Nuclear Weapons Programs - 2008 Developments
On 24 April 2008, US officials briefed members of the US Congress on the nature of the 6 September 2007 Israeli air strike into Syria. Previously, officials questioned by Congress had repeatedly refused to confirm or deny the possibility that the target of the strike was a possible Syrian nuclear facility. In the briefing, lawmakers were given access to a wide array of intelligence materials, including reported video footage of North Korean personnel at the site. Observers suggested that the real reason for only disclosing in April 2008, the nature of the strike, the target, and North Korean involvement, was to bring increased pressure to bear on North Korea during six-party talks aimed at ending that country's nuclear program. The North Koreans were required under those negotiations to provide the IAEA with a full disclosure of their program and any assistance provided to third parties. A connection with the Syrian site would suggest that North Korean officials had not been entirely faithful in their previous disclosures.
The briefing and release of information to the press was criticized Mohamed El Baradei, head of the IAEA, on 25 April 2008. El Baradei said he deplored the US delay in providing his organization with the intelligence, and also critcized the Israeli preemptive strike which destroyed the facility before the IAEA had a chance to investigate it. Syria's envoy to the UN said that his country would fully cooperate with an IAEA investigation on the same day. Syrian authorities denied the facility had been used to house a nuclear reactor of any kind.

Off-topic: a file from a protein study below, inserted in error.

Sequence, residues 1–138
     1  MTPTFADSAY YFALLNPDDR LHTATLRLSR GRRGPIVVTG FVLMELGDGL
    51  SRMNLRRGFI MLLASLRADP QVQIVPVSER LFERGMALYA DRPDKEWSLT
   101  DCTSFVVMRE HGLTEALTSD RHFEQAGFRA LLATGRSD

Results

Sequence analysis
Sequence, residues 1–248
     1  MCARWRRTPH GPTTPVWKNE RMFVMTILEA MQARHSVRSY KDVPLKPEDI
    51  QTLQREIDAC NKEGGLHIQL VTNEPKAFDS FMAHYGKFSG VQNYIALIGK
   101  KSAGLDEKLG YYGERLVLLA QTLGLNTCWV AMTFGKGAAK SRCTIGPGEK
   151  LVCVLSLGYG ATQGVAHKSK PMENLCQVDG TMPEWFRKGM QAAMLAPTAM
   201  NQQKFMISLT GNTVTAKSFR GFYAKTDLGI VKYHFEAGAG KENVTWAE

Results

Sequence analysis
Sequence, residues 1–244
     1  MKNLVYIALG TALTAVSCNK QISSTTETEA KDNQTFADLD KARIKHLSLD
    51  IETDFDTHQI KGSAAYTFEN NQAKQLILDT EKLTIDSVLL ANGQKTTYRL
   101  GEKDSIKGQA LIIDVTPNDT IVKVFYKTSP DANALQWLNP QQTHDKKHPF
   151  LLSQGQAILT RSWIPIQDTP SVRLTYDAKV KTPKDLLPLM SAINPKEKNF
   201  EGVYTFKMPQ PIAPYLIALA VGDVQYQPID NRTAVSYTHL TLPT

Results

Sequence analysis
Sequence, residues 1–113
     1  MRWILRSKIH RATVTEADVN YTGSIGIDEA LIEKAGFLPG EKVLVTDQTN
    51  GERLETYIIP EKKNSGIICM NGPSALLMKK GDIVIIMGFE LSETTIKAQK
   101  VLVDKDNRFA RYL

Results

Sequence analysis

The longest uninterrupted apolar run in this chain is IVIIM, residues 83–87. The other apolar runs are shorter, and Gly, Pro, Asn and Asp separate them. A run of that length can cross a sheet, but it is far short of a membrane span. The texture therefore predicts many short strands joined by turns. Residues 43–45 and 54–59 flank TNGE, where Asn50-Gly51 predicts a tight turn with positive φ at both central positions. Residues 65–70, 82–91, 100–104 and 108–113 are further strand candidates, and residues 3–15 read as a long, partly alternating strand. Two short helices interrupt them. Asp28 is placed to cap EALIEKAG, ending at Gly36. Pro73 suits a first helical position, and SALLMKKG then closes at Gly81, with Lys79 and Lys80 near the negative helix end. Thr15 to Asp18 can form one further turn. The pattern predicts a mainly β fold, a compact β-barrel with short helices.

On 2 June 2008, the IAEA announced it was dispatching a team to investigate the al Kibar site. The team was scheduled to visit Syrian between 22 and 24 June 2008. IAEA chief El Baradei again expressed his displeasure with having been kept from the intelligence concerning the allegations and that the site was destroyed before the investigation could be conducted.On 19 March 2009 Hans Ruehle, former chief of the planning staff of the German Defense Ministry, reported in the Swiss daily Neue Zuercher Zeitung that Ali Reza Asghari, a retired general in Iran's Revolutionary Guards and a former deputy defense minister, "changed sides" in February 2007 and provided considerable information to the West on Iran's nuclear program. "The biggest surprise, however, was his assertion that Iran was financing a secret nuclear project of Syria and North Korea," Ruehle wrote. "No one in the American intelligence scene had heard anything of it. And the Israelis who were immediately informed also were completely unaware." But a US counterproliferation official denied that Iran funded the Syrian site. "There is strong reason to believe that only two countries were involved in building the Syrian covert nuclear reactor at Al Kibar - Syria and North Korea." Ruehle reported that US and Israeli intelligence had detected North Korean ship deliveries of construction supplies to Syria starting in 2002, and US satellites had imaged the construction as early as 2003. But they regarded the work as nothing unusual. Ruehle reported that Israel sent a 12-man commando unit in two helicopters to the site in August 2007 to take photographs and soil samples.
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